Snowstorm helped Utah snowpack; more storms needed to pull state out of drought, experts say

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SALT LAKE CITY, Utah - Monday’s snowstorm dropped close to two feet of snow in some areas of Utah, but it’s going to take a lot more than that to break a four-year long drought.

National Weather Service Hydrologist Brian McInerney said the state needs at least two more storms with the same intensity to get back to normal snowpack levels.

Utah’s snowpack along the Wasatch Mountains is between 65 to 70 percent of normal following Monday’s storm.

McInerney said while it’s a little too early to tell how Utah will fare this winter, long term outlooks are favorable.

“Historically, with a very strong El Nino, we’ve been wetter than normal, and the fact that that blocking high pressure is nowhere to be seen right now, is also a positive factor,” McInerney said.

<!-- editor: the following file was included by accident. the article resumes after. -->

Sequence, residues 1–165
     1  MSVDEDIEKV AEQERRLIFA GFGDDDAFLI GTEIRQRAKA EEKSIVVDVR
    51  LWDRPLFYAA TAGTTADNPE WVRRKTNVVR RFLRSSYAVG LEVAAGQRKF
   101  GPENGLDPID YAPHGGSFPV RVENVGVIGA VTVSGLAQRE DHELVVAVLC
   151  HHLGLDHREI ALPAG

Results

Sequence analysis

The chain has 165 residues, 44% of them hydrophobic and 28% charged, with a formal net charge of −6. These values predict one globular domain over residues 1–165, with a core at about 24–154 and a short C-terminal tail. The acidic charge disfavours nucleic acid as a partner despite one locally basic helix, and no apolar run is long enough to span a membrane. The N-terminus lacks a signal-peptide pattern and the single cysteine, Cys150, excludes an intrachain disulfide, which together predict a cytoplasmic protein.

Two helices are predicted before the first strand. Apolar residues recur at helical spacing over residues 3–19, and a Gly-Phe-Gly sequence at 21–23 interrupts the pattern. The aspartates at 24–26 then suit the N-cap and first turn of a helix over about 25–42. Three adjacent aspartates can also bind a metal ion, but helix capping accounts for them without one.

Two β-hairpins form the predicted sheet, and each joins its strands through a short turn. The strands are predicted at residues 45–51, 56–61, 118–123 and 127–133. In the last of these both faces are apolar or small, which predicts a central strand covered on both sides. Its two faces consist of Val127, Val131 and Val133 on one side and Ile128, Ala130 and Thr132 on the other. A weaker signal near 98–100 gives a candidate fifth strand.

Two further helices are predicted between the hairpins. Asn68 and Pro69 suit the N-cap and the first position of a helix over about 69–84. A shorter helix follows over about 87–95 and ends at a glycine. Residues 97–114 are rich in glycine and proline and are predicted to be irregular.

Between 18 and 20 inches of snow fell in several parts of the Salt Lake Valley, ironically less fell in the mountains. McInerney said that’s just the way the storm set up, but others are on the way.

It’s a forecast skiers and snowboarders like Salt Lake City resident Jordan Winger hope is right.

“I’m excited because we’ve been waiting for this snow for a while now,” Winger said. “Last winter was kind of weak, but hoping for a little better winter this winter.”

It’s a little early to know whether this winter will end Utah’s multi-year drought, but McInerney said it’s a good start.


  • bob

    I don’t understand the concept of “droughts” that go on for decades. At what point is “dry” considered normal in a DESERT?

    The wet years are the abnormal ones.

    • Rob

      Yes, we are a drier state than many but not suppose to be that dry like it has been. It’s been overboard on dryness here and that’s why have a drought still.

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